‘Strengthening Families’ series starts Thursday in Marysville

MARYSVILLE – The decline of the American family has been well-documented and debated for half a century.

Some say rather than a deterioration the family unit has just undergone tremendous change.

However you feel, the Marysville Together Coalition is offering a free “Strengthening Families” program for parents and their children 10-14 years old. It runs from Jan. 24 to March 14 from 6-8 p.m. at Cedarcrest Middle School. To sign up go to marysvilletogether.org.

Coalition members Greg Kanehen and Andrea Kingsford will lead the seven-week sessions after being trained last fall. Kanehen will meet with the adults and Kingsford with the kids then all will gather for activities to show what they’ve learned.

Kanehen said being a parent is hard. “It doesn’t come with a manual,” he said. Many people parent the way they were raised, and that’s not always a good thing, he added.

This curriculum not only teaches adults how to be good parents, it also teaches their children for when they have kids later in life.

“It teaches how to handle disagreements in a respectful way,” Kanehen said, adding kids need to know their feelings are not right or wrong.

They also need to feel love, safe, a sense of belonging and secure. If just one of those needs in lacking, the child could lose control.

When that happens, parents need to ask themselves, “Why now?” Assess the situation and speak calmly.

The curriculum has been around for years, and it used to be offered locally. Kingsford, who has a “passion for education,” said she’s glad it’s coming back.

“There’s time for discussion, laughter and play,” she said. “It opens the communication lines.”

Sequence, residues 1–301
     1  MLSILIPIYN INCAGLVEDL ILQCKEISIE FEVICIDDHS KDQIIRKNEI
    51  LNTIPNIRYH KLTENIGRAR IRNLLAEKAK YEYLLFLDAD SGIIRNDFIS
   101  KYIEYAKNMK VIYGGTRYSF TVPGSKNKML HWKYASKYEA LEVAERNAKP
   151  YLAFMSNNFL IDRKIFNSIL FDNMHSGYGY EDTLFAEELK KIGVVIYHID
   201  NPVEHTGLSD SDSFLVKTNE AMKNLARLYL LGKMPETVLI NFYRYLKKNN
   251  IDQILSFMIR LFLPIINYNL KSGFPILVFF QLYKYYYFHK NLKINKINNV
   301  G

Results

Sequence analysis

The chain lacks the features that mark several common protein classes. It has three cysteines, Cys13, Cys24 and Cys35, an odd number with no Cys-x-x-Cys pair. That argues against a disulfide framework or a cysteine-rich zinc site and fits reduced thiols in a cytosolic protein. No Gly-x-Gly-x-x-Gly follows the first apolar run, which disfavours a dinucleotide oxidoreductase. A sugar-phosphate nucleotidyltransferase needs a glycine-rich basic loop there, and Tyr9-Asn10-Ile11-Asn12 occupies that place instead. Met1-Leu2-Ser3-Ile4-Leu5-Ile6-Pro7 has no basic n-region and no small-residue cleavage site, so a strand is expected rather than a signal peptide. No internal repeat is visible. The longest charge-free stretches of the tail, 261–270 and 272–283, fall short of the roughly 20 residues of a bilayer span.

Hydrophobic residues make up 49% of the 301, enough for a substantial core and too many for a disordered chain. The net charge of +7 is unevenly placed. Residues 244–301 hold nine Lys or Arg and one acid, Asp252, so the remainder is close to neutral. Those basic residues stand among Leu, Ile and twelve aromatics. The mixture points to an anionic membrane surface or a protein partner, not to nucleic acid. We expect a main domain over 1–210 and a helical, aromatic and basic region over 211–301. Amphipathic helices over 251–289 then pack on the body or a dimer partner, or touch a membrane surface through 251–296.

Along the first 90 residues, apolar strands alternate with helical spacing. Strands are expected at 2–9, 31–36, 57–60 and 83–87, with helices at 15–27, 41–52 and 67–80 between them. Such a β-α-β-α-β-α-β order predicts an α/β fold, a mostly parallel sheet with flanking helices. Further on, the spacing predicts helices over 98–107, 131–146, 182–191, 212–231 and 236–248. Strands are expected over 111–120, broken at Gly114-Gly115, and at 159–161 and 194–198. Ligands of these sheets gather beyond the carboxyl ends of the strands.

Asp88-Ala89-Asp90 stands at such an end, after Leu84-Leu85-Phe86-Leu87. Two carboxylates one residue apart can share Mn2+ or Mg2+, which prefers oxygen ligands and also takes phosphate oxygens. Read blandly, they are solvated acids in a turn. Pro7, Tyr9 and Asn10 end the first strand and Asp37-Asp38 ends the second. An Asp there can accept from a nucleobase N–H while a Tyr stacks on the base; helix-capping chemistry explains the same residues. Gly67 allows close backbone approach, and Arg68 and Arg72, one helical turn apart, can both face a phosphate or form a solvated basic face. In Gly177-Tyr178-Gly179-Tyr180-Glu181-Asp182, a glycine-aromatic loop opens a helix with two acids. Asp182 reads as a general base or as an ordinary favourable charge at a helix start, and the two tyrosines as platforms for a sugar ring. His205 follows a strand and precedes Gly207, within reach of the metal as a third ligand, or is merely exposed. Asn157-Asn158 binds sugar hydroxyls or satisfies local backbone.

Kingsford, who has a background in elementary education, along with continuing education for adults, said she knows some young people may not want to join in at first. They don’t have to. They can watch. But she said after awhile she thinks most will participate because the activities are fun.

One is making a family shield, and everyone gets to decide what goes in it. “They are not hard conversations,” she said. “Having fun opens the doors to talk about other things.”

Another thing they practice is giving compliments. It’s amazing how good that makes people feel, she said.

“It helps people open up to learning if they receive compliments,” Kingsford said, adding kids learn compassion and understanding about the challenges parents have. At the training, Kingsford said there was a woman who had attended the program four times with each of her kids. She found it so valuable that she decided to become a trainer.

The adults watch videos and discuss what they’ve learned while the youth are engaged in activities when the groups are separated. Then they come together and spend time interweaving the things they’ve learned, Kingsford said.

“I’m looking forward to helping families gain more empathy for each other – feel more connected as a family,” she said.

Kanehen said by learning to talk about feelings, showing love and setting limits, children will become responsible adults.

He said people need to affirm situations instead of talking down to others, even when establishing consequences. “You need to negotiate an agreed-upon outcome that will satisfy the parent and the teen will think is fair because they were involved in the process,” he said.

In Kanehen’s experience in other roles, he has seen the impact of poor family relationships. He has seen problems related to alcohol, drugs and violence, along with emotional, sexual and verbal abuse.

“Create an environment of mutual respect, clear communication and a willingness to bring out the best in each other,” he said. “That will make families and relationships stronger and the community healthier.”

Related programs

•A “Guiding Good Choices” program will start in late February. It’s five sessions. In the past it was taught to middle school parents, but they said they wished they’d learned it when their kids were in fifth grade. ”Life Skills” are being taught in health classes. The pilot program teaches self-management, social norms and resistance to peer pressure. •Some members of the Marysville Crisis Support team are cutting back hours for various reasons. So Kanehan has recruited some new members. Trouble is they need to go to training, and their program is not funded; it’s all volunteer right now. So the organization is seeking donations. Team members are there to help families during times of need such as a heart attack, traffic fatality, suicide, overdose or other tragic event.

•For more, go to marysvilletogether.org

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